From Foursquare to Haircare: How a Tech Renaissance Man Keeps Innovation Alive

From Foursquare to Haircare: How a Tech Renaissance Man Keeps Innovation Alive

Tristan Walker has been both a rock star and an anomaly in a Silicon Valley that lacks diversity as much as it breeds world-changing innovation. As head of business development at Foursquare, a company he joined 2009 and left in 2012, Walker was able to use his skills and ingenuity to land lucrative partnerships with merchants and brands, including American Express and BravoTV, expanding the popular social check-in platform’s reach and its multimillion-dollar bottom line.

Keeping a competitive stake in the industry, Walker took his career on the road, becoming popular at South by Southwest, making regular appearances on networks including CNBC and CNN, and building a social media following of more than 300,000. How has he done this? With out-of-box insight on how technology can impact everyday life in ways that aren’t traditionally thought to be tech-related. His latest venture, Walker & Co. Brands, seeks to fulfill a need connected to a greater good. caught up with him to find out how his latest product under that umbrella, his plans for other products that solve problems for people of color around the world, and the most profound advice he received that changed his life forever.

You’re known for being a tech industry leader with success at companies including FourSquare. Now you’re taking on haircare and beauty? How did you transition as a businessman?

There wasn’t a transition at all. We’re a consumer products company but we still use technology in a big way. We want to deliver the best merchandising experience we can and the best product experience. We started Walker and Co. based on two views of the world I have. The first one is that all global cultures are led by American culture which is led by black culture—food, music, dance, etc. A big frustration of mine is that I’m living in the earliest adopted region of the world and it knows nothing about the earliest adopted culture. That’s crazy to me.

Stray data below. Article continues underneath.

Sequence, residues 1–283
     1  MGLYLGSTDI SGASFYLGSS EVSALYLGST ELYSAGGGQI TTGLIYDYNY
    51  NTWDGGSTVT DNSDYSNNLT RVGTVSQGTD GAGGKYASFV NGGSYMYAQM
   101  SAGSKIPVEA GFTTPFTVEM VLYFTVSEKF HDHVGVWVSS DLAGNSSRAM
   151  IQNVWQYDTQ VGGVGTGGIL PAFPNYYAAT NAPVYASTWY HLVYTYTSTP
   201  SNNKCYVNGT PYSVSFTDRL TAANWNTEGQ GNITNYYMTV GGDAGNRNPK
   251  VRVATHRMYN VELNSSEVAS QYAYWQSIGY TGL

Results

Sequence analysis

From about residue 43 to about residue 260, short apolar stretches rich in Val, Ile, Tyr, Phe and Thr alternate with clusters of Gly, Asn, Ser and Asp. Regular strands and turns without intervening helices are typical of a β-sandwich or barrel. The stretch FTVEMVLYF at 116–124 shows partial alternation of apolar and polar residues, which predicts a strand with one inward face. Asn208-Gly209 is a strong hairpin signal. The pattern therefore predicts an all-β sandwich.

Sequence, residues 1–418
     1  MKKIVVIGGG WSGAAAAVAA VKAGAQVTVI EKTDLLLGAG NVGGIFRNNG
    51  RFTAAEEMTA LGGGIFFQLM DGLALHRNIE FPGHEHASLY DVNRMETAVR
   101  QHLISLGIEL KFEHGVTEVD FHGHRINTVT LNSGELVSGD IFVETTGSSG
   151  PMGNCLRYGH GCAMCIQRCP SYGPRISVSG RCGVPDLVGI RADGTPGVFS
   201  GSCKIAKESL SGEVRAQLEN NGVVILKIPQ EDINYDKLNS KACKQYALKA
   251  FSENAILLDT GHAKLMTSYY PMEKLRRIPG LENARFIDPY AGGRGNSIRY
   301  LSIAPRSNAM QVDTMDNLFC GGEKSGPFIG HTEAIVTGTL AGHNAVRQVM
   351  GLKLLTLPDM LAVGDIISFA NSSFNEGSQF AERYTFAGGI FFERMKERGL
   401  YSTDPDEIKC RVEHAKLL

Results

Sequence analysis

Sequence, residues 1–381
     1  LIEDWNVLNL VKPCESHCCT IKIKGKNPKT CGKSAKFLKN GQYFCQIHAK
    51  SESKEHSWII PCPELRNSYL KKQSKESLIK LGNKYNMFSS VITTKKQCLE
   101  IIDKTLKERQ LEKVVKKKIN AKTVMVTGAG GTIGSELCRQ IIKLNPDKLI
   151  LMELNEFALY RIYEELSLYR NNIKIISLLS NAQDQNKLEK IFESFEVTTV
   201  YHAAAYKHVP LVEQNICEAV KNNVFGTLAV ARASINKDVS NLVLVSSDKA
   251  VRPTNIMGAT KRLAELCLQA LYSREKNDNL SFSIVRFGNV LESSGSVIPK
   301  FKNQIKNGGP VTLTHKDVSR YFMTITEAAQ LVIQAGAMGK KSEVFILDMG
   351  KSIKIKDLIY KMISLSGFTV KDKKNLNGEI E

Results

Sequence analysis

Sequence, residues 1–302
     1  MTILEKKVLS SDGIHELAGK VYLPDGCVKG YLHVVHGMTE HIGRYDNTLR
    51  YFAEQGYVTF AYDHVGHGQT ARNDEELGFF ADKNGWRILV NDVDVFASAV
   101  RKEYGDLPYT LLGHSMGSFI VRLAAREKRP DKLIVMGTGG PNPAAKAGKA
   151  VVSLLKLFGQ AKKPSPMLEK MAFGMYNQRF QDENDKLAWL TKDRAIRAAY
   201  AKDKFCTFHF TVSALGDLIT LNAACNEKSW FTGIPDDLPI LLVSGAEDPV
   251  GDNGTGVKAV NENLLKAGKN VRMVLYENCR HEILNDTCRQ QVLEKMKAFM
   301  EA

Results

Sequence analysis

The second view of the world pertains to health and beauty companies. My experience of going into a retailer is having to go to aisle 15 – the ethnic aisle [which oftentimes] isn’t even an aisle, but a shelf – and I have to reach to the bottom of that shelf for a package that is dirty, coppertoned and [has a photo] of a 65-year-old bald, black dude in a towel drinking cognac… [That branding and imagery] needs to go, especially considering how much money we spend on that stuff, the culturally influential demographic we are. I wanted to put the two views together to build a very special consumer packaged goods company which uniquely meets the needs of people of color and solves problems. Bevel is the first manifestation of that vision and is the first and only shaving system designed for people with course or curly hair. You get the shaving and irritation issues, razor bumps, all those issues. We’ve fixed them.

How is Bevel different from the thousands of shavers on the market today?

[The single-blade] is really the best way to shave. This, combined with the right priming oil, shave cream, restoring balm, an exfoliating brush, 20 blades [instead of the usual four you get with other products]—all of these [elements] have proprietary formulations to fix issues [such as] razor bumps and shaving irritations. We found a great private-label partner to help us formulate this.

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